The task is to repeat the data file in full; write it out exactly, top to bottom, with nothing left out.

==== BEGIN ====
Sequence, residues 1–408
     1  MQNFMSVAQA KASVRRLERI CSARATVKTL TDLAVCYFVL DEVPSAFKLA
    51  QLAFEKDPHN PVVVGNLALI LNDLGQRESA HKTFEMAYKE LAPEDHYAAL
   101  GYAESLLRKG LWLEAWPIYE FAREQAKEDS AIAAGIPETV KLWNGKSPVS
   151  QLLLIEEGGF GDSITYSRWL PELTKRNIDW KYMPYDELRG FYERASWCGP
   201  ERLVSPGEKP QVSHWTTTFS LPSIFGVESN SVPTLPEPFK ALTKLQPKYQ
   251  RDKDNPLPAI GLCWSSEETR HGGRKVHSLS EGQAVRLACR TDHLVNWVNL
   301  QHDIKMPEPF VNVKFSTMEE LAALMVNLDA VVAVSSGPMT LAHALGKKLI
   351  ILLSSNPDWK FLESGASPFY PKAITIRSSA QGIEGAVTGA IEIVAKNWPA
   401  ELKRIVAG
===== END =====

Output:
Sequence, residues 1–408
     1  MQNFMSVAQA KASVRRLERI CSARATVKTL TDLAVCYFVL DEVPSAFKLA
    51  QLAFEKDPHN PVVVGNLALI LNDLGQRESA HKTFEMAYKE LAPEDHYAAL
   101  GYAESLLRKG LWLEAWPIYE FAREQAKEDS AIAAGIPETV KLWNGKSPVS
   151  QLLLIEEGGF GDSITYSRWL PELTKRNIDW KYMPYDELRG FYERASWCGP
   201  ERLVSPGEKP QVSHWTTTFS LPSIFGVESN SVPTLPEPFK ALTKLQPKYQ
   251  RDKDNPLPAI GLCWSSEETR HGGRKVHSLS EGQAVRLACR TDHLVNWVNL
   301  QHDIKMPEPF VNVKFSTMEE LAALMVNLDA VVAVSSGPMT LAHALGKKLI
   351  ILLSSNPDWK FLESGASPFY PKAITIRSSA QGIEGAVTGA IEIVAKNWPA
   401  ELKRIVAG